College Applications and Election Fatigue: This Week in Education Writing

Seven days of stories about school.

A lunch box filled with sushi and vegetables.
Matthew Mead / AP

This is the inaugural edition of The Atlantic’s weekly roundup of education writing. We’ll be highlighting some of our favorite school-related stories from the past seven days, including one piece of our own and one story from a student publication.

The Pop-Culture Roots of the Lunch-Box Craze

Kat Lonsdorf | NPR

“The year: 1950. You might as well call it the Year of the Lunch Box, thanks in large part to a genius move by a Nashville-based manufacturer, Aladdin Industries. The company already made square, metal meal containers, the kind workers carried, and some had started to show up in the hands of school kids (lunch pail, meet lunch box). But these containers were really durable, lasting years on end. That was great for the consumer, not so much for the manufacturer.”

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After Investigation, Texas Halts Its Special-Education Enrollment Target

Brian Rosenthal | Houston Chronicle

“The Chronicle revealed six weeks ago how TEA officials quietly imposed the 8.5 percent target as part of a school-district monitoring system while facing a $1.1 billion state budget cut in 2004. The officials did not publicly disclose the target or consult with lawmakers, the federal government, or any research.”

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A Year in the Life of a College Applicant

Anemona Hartocollis | The New York Times

“In the last month, I have been visiting Topeka High School, talking with seniors, and their parents and guidance counselors, about their college plans as they take standardized tests, decide where to apply, write essays, fill out financial aid forms, and send in their applications. I’ve followed their successes and mishaps along the way and will look in again in a few months to see where they end up, whether in college, vocational school, a job, or at home.”

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Hilariously Sad Photos of Students Who Just Watched a Presidential Debate

Charles Borst | Education Week

“On a whim following the final debate, I asked students to sit for a portrait expressing their feelings about the upcoming election. These pictures offer a snapshot at how suburban Ohio teens feel at a time when they’re old enough to have opinions about what’s going on in the world, but not old enough to vote.”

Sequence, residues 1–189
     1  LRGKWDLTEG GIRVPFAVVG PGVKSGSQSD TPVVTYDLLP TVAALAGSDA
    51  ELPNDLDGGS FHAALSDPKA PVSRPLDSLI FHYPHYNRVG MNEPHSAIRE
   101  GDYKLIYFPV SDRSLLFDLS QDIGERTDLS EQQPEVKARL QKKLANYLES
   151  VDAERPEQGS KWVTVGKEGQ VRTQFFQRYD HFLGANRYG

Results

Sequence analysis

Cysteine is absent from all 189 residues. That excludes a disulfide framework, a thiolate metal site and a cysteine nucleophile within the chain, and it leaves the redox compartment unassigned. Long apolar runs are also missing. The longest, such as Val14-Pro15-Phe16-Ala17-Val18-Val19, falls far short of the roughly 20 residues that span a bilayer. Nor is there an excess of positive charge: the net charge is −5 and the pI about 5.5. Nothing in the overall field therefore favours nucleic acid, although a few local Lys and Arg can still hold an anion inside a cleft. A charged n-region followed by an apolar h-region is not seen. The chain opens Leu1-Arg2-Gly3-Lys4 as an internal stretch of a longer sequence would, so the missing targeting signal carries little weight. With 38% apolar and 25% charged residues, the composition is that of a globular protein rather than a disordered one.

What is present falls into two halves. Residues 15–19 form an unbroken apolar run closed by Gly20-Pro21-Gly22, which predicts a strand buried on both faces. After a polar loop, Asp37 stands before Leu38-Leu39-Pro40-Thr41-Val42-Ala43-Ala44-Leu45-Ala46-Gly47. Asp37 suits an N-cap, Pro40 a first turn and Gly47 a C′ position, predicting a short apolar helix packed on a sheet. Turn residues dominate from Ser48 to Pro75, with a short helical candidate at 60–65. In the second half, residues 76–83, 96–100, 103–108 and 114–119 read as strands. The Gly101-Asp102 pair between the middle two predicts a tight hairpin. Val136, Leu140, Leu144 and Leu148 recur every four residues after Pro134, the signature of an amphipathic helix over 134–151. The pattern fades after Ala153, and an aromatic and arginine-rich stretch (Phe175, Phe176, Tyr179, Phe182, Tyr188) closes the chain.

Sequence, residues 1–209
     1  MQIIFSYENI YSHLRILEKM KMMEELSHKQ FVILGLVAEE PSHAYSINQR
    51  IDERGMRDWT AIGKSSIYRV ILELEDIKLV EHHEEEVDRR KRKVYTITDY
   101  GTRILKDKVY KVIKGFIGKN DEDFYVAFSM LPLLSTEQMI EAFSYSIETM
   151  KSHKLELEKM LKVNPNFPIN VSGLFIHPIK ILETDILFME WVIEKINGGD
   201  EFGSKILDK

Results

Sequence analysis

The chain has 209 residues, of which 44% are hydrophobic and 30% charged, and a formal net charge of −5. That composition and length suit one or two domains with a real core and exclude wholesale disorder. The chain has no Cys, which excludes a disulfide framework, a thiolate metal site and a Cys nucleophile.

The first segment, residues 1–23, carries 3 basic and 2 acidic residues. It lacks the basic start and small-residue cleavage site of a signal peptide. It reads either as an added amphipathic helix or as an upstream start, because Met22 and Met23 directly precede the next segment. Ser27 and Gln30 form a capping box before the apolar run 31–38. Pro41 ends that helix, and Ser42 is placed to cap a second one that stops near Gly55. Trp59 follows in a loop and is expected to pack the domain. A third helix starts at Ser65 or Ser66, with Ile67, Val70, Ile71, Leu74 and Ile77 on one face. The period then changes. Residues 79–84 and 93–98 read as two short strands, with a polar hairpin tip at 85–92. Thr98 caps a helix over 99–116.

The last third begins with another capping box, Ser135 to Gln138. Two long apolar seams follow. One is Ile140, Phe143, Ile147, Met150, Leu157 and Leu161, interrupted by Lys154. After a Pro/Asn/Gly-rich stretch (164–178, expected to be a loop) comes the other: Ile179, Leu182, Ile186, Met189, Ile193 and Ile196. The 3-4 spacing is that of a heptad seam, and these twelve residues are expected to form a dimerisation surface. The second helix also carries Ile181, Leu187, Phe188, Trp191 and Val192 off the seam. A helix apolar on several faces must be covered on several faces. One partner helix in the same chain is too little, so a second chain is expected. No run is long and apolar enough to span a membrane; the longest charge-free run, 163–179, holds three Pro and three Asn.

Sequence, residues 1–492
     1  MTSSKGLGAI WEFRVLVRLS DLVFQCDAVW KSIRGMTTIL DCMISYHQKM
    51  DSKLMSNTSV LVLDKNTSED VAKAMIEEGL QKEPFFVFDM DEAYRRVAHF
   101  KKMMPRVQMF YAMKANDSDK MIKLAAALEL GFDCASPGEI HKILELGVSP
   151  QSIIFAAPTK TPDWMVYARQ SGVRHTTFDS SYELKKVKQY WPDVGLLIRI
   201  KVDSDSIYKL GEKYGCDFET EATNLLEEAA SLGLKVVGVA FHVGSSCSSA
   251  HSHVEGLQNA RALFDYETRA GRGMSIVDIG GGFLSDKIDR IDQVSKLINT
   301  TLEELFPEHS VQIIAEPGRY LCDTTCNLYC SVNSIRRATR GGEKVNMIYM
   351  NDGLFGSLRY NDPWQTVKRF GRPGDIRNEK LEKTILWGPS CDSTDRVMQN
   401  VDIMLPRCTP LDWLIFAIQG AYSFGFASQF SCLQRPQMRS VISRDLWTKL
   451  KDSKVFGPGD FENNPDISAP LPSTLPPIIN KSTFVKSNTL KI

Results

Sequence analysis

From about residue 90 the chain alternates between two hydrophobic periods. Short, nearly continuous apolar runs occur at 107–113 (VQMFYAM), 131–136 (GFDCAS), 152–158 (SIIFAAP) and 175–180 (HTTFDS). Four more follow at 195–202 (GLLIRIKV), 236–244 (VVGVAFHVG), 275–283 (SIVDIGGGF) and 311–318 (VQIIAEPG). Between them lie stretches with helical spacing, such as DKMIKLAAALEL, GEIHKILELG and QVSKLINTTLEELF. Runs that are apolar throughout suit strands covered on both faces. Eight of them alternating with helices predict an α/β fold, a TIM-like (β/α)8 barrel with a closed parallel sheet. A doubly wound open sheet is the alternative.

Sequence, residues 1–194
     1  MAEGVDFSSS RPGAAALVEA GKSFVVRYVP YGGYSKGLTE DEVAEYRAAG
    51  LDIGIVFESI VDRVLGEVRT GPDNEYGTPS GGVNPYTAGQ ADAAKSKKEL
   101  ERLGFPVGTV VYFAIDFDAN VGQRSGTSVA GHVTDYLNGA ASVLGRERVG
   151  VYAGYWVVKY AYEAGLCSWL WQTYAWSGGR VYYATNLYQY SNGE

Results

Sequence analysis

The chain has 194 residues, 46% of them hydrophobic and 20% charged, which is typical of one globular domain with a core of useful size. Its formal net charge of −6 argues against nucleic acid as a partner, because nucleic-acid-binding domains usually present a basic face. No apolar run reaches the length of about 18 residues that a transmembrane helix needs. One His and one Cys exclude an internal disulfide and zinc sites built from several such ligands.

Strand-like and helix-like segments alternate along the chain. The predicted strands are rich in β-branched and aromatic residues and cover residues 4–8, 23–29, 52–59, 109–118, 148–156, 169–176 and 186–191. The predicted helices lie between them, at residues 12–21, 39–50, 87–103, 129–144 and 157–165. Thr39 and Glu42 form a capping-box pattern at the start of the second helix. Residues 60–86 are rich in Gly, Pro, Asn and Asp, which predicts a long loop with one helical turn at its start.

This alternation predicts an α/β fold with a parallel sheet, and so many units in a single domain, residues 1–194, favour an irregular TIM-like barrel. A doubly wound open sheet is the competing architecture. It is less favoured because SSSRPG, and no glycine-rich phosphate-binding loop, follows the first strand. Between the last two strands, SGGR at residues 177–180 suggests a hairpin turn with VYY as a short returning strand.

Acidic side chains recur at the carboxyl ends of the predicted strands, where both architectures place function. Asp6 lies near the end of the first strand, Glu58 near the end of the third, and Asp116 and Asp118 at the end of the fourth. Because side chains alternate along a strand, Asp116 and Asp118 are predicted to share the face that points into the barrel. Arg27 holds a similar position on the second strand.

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Education Became the Election’s Forgotten Issue

Rebecca Mead | The New Yorker

“The campaign in its closing weeks has, for educators and parents, become one prolonged, unsavory teachable moment, with the acquisition of new vocabulary words (‘misogyny,’ ‘unconsensual’) and the loss of others (‘pussy,’ in its prelapsarian, feline usage). But it has also been remarkably devoid of any real discussion of educational issues.”

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Why Do Colleges Have So Much Art?

Jacoba Urist | The Atlantic

“Historically, college museums have called themselves ‘teaching museums’—in other words, places where students can experience objects and artifacts first-hand, as opposed to merely studying them in textbooks or online. Campus collections were meant to push conversations not only in art-history courses, but across disciplines and departments, too. And often, they still do—while filling a cultural gap in college towns.”

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From Aleppo to the Ivy League

Eli Binder | The Brown Daily Herald

“In addition to studying public health, Almilaji said that in the United States, he has had the opportunity to learn about democracy—something that he hopes Syria will be able to achieve. ‘This is an environment and a place (where) I can really learn how people practice—even in their daily lives, not only in the elections—the meaning of listening to each other, accepting each other, accepting the others. You are not always correct, and you are not always wrong.’”